Michelle I love Holden's character. I guess I seem to be the only one here that can relate to him and really felt a connection. Holden kept it real everyone else was just a phony.


Valerie I agree with the person below me....I just finished Someday This Pain Will Be Useful to You by Peter Cameron and that was amazing as well. Both chatacters are awesome and I highly reccomend both.


Kristen Callihan I guess I always could understand where Holden was coming from. I too lost a sibling at an early age, and I would be lying if I said it didn't affect me. I'm not saying I went crazy, or anything like that, but I do think I had to grow up faster than some of my friends, and have been desensitized a bit too tragic things because of it. It does change your perspective of things, and not everyone else would understand because they didn’t have those experiences. For example, I would talk bluntly about certain things, and it would shock people, and I just understood it as factual. Unlike Holden, my parents were there for me, but I still didn't feel like they understood. In a way I always felt that struggle to maintain the innocents of youth, while trying to be seen as an adult. It’s hard to talk openly about such things, and I guess that's why I like Holden is because while he might be an unreliable narrator (but who isn't), he is an honest unreliable narrator.


message 23: by Amy (new) - rated it 5 stars

Amy Asbury Eric wrote: "The Catcher in the Rye is one of the most popular American books of all time. Yet its hero is barely a hero at all. He is disliked and misunderstood, a classic "screw-up", who does poorly in schoo..."

I think you hit the nail on the head with this one Eric- I am in complete agreement with you


Robin Kristen, wow, did not even know about that from the book. I must have ditched the reading before it got to that part. It reminds me of that movie with Mary Tyler Moore when they lost their son, and how the Timothy Hutton character knew that he wasn't the one that the mother cared about. I feel your hurt in your thread, and I know that losing a loved one is always hard, I lost a cousin to suicide and it still hurts.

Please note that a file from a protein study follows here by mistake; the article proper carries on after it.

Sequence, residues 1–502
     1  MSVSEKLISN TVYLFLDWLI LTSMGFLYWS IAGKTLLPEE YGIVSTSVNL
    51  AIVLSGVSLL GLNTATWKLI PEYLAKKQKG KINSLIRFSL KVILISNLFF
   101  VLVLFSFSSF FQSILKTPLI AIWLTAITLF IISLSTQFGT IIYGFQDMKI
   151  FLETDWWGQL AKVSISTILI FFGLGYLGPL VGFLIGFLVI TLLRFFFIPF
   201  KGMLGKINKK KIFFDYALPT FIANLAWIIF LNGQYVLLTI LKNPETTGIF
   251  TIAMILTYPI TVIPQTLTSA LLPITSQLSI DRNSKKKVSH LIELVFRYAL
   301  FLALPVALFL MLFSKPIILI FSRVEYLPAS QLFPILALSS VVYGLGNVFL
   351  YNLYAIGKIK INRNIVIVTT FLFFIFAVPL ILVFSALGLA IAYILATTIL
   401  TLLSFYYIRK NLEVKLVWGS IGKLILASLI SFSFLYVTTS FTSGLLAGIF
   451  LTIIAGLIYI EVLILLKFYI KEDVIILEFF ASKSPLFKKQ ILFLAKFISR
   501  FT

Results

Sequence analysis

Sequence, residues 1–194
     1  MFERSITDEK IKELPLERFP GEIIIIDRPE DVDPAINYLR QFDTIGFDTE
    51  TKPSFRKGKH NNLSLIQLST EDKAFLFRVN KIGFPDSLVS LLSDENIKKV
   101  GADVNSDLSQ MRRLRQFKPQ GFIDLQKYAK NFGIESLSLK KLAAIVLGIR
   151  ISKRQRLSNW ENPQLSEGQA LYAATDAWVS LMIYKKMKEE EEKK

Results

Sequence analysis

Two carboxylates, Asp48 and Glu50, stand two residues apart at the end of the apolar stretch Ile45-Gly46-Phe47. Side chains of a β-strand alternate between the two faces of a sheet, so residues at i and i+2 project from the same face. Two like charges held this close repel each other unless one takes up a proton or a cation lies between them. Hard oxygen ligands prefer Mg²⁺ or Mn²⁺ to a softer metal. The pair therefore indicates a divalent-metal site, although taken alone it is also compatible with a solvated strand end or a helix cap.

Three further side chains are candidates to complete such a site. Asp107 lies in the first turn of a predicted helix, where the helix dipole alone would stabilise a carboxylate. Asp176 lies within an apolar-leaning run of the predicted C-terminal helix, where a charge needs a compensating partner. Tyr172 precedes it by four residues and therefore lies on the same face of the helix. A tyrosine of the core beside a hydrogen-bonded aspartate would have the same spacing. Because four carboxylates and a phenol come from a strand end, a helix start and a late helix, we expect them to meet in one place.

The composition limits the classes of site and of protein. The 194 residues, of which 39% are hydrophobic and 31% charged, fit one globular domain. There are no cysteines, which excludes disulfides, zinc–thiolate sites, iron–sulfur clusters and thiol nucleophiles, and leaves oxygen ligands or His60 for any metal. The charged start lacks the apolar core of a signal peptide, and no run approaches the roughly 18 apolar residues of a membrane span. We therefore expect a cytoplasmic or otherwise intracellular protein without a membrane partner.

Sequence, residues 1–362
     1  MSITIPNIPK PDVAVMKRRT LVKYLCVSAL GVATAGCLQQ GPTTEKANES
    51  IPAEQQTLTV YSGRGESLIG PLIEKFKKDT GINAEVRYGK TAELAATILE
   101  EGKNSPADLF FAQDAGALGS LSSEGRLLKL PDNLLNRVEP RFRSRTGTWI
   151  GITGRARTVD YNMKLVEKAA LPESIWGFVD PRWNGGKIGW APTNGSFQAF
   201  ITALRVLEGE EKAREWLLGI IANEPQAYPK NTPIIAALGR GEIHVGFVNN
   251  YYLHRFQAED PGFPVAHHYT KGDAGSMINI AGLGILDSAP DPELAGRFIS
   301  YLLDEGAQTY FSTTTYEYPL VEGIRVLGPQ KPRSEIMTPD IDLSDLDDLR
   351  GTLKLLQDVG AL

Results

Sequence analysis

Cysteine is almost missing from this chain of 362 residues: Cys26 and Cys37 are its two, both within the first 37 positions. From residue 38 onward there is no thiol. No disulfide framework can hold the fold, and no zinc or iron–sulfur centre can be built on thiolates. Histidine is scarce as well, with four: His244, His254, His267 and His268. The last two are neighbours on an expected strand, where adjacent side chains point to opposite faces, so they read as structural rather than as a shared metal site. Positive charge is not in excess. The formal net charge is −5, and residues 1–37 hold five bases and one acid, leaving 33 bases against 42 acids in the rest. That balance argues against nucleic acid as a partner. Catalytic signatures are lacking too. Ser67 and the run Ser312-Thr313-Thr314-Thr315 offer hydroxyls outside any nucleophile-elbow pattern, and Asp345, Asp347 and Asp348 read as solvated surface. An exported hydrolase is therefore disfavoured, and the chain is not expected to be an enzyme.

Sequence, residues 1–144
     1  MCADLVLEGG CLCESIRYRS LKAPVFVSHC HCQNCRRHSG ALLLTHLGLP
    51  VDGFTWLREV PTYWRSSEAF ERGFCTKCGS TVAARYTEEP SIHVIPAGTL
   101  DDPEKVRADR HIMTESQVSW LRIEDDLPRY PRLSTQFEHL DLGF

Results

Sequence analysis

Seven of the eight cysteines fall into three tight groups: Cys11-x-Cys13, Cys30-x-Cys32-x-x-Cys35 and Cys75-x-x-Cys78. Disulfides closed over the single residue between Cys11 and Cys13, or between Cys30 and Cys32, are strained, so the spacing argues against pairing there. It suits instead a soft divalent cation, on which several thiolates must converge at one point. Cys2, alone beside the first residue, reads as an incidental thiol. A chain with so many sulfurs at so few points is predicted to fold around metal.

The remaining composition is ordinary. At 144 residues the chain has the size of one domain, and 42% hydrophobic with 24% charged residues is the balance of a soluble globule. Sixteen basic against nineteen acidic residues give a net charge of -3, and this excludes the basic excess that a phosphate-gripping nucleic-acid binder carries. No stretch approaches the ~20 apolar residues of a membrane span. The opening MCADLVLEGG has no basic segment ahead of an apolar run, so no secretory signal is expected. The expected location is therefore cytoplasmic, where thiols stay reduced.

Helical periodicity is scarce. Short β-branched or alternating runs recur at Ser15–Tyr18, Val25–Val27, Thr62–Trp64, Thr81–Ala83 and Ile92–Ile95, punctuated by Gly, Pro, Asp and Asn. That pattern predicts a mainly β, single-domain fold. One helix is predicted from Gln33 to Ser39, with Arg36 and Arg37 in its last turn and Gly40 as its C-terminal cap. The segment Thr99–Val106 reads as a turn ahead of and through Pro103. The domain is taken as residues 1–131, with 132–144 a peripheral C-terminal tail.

message 25: by Eric (new) - rated it 5 stars

Eric Jay Sonnenschein The loss of a sibling or parent is traumatic but it is specific and can be mourned. Holden's anguish is more painful because it is non-specific, hard to locate or articulate. I think Holden connects with so many young readers because they feel his extreme unease in the world,that abiding sense of missing something, without quite knowing what it is. The realization that the world is bogus, opressive and absurd is one most people make at some point in our lives. Oddly, Kafka also taps into that pain in The Metamorphosis, The Trial and The Castle. So does John Barth in "The End of the Road." And Saul Bellow in "Herzog", "Sieze the Day" and "Humboldt's Gift."


message 26: by Eric (new) - rated it 5 stars

Eric Jay Sonnenschein I'd agree with you about the "loss" but not about "the innocence." It seems to me that Holden tries hard to hold on to his innocence. That's why he doesn't want any responsibility because that always entails the possibility of guilt. Holden is not exactly a literate person, so he would not be given to description or insight. He's very young and very disturbed. He feels abandonned and guilty.

But think what you want. There can be no meaningful disagreement about literature. It's entirely subjective.


Daniel Clausen When I was in high school I tried writing a paper that compared Holden Caulfield to Mark Renton in Trainspotting.

It was mentioned that Holden hates himself for being just like the "phonies" he sees around him. I think that is part of the point, he doesn't see any escape other than total self destruction.

Youth will always have the problem: we don't want to grow into our parents for some reason. We feel like growing up means abandoning our ideals. In Renton's case it means abandoning something pure for the allure of consumer goods "an F***ing car, washing machine" etc. Holden feels the same way. We abandon all the moral education we got in elementary school so that we can have our names put on a building. We tend to worship success more than purity.

As I grow older and my hair thins, though, it seems that in order for us to sometimes survive we have to turn into a bit of smarmy ass like Holden. We become sarcastic. Our sarcasm only seems to hit the register with other people who seem to understand the bind that they are in--to succeed (or even survive) in the real world, we must give up a better part of ourself.


Daniel Clausen Michelle wrote: "I love Holden's character. I guess I seem to be the only one here that can relate to him and really felt a connection. Holden kept it real everyone else was just a phony."

Michelle, no I get Holden Caulfield as well. He made being a loser cool. He's the reason I haven't gone to lawschool or into an MBA program---yet...


message 29: by [deleted user] (new)